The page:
Skokie Valley offers two justifications for issuance of an injunction in this case. First, Skokie Valley argues that the issues grieved on April 15 are arbitrable disputes pending resolution of which the Union has agreed not to strike. These issues include the finality of the arbitrator's decision, the applicability of step 3 to the lost compensation award, and the permissibility of the threatened strike. Second, Skokie Valley argues that arbitration of the initial dispute, Warger's discharge, is still pending, since the arbitration process includes judicial review of the arbitrator's decision; until a final determination by judicial review, Skokie Valley argues, the Union is bound contractually not to strike.

Skokie Valley's first argument, taken by itself, is insufficient. Skokie Valley identifies issues grieved on April 15 and seeks to enjoin the threatened strike pending arbitration of these grievances; however, the court believes, contrary to Skokie Valley's position, that these grievances all, in different forms, question the permissibility of the threatened strike, rather than raising any arbitrable dispute underlying the threatened strike. For instance, the question of the finality of the arbitrator's decision does not underlie the threatened strike; it really is just one way of asking whether the threatened strike violates the no-strike agreement, since the Union has agreed not to strike only until there is a final determination. The Court of Appeals for the Second Circuit has stated succinctly: "[T]he mere arbitrability of the issue of whether a strike or work stoppage violates an express or implied no-strike clause does not entitle the employer to `Boys Markets' injunctive relief; there must be an underlying arbitrable grievance." Elevator Manufacturers' Ass'n v. Local 1, 689 F.2d 382, 385 (2d Cir. 1982). See also Buffalo Forge, 428 U.S. 397, 96 S.Ct. 3141, 49 L.Ed.2d 1022. As no other underlying dispute has been suggested, the success of Skokie Valley's first argument depends on the success of its second argument. It must appear that the dispute over Warger's discharge still can be considered an arbitrable dispute pending resolution of which the Union has agreed not to strike; or, stated differently, it must appear that Kelliher's decision was not a "final determination" for purposes of Article 47, § 1, step 2.

Since this threshold question is a difficult one of interpreting the language of the collective bargaining agreement, and since Skokie Valley already has referred it to the grievance and arbitration process, it might be held that the court should not issue an injunction, since in doing so it would overshadow and prejudge an arbitrator's resolution of the question. Waller Brothers Stone Co. v. United Steelworkers, 620 F.2d 132 (6th Cir. 1980). (Additionally, the existence of an arbitrable dispute over step 3 might preclude a decision by this court under Waller Brothers.) On the other hand, Elevator Manufacturers' Ass'n holds that courts should approach these threshold questions. 689 F.2d at 386. It is not clear whether serious questions of interpretation were present in Matson Plastering Co. v. Operative Plasterers, 633 F.2d 1307 (9th Cir. 1980), cert. denied, 454 U.S. 816, 102 S.Ct. 94, 70 L.Ed.2d 85 (1981), or in Eaton Corp. v. Machinists and Aerospace Workers, 580 F.2d 254 (7th Cir. 1978). Because the law is not clear in this area, the court will not follow Waller Brothers; instead it will approach the necessary threshold question of whether arbitration over Warger's discharge, pending final determination of which the Union has agreed not to strike, has reached a final determination.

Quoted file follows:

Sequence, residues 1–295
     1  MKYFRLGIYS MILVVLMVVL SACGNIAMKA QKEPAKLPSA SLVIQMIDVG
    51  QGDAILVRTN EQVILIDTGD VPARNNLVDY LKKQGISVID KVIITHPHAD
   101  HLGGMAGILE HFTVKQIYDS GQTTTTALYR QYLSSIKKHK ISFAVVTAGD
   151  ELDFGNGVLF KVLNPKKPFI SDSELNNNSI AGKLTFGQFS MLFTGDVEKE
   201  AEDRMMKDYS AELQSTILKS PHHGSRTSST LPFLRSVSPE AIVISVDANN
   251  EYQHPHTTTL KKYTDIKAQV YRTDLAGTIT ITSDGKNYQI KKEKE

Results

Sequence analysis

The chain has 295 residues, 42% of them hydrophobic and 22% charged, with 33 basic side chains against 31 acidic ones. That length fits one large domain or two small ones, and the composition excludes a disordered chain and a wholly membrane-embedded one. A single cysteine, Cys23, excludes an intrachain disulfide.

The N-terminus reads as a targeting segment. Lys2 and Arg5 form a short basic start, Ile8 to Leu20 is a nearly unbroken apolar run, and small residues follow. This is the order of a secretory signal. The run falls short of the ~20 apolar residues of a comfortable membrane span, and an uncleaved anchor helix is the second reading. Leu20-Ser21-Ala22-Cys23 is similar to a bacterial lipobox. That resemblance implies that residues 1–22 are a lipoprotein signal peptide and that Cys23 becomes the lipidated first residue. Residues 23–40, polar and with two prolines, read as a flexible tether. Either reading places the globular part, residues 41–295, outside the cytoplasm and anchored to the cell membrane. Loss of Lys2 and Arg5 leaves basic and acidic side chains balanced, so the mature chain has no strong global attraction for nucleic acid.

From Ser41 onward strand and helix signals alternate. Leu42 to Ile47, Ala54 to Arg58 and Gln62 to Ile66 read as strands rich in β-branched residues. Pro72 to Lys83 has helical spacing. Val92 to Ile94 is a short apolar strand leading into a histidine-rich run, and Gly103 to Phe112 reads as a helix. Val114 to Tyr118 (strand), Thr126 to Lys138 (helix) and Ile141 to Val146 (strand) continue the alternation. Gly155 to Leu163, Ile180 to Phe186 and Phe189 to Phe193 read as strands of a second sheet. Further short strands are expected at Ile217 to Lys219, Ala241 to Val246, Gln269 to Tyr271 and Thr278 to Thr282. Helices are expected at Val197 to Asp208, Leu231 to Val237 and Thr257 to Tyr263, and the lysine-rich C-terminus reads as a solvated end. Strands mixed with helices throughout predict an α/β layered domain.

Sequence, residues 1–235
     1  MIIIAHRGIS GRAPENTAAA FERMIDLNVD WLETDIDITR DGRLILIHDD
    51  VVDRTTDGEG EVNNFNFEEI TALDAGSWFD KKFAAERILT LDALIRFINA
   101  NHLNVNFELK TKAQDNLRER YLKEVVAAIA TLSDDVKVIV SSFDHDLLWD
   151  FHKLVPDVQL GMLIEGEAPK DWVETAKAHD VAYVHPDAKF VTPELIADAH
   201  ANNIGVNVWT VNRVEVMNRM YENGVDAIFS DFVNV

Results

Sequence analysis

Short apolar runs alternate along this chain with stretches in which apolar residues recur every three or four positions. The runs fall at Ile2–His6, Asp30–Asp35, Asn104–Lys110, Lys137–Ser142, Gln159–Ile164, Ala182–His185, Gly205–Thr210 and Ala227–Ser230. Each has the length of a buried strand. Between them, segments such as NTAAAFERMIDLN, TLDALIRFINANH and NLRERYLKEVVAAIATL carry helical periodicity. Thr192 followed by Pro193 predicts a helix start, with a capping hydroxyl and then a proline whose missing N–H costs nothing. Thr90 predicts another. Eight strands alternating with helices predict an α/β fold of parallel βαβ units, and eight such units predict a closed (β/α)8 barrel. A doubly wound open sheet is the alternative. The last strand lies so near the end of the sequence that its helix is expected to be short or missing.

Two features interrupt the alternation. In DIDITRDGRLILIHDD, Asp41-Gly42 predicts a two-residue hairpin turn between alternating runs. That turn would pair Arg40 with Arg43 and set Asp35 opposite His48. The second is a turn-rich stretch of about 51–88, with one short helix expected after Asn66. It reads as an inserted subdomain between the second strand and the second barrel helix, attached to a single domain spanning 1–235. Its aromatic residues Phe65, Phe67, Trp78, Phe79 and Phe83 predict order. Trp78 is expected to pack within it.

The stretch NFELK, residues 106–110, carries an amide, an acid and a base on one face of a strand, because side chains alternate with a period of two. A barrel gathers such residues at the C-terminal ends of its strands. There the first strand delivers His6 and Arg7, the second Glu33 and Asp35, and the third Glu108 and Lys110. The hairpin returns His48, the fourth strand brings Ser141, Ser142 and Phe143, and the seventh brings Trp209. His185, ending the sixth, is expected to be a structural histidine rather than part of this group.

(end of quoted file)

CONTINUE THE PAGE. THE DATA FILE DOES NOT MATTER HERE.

Skokie Valley has touched on, but not actually advanced, one possible argument against the finality of the arbitrator's decision. Counsel for Skokie Valley noted in court that the arbitrator's award of lost compensation was unliquidated, and he referred to the difficulty of complying with an unliquidated award. Skokie Valley has not raised this point in its briefs in connection with the finality of the arbitrator's decision. More ...

Buy This Entire Record For $7.95

Download the entire decision to receive the complete text, official citation,
docket number, dissents and concurrences, and footnotes for this case.

Learn more about what you receive with purchase of this case.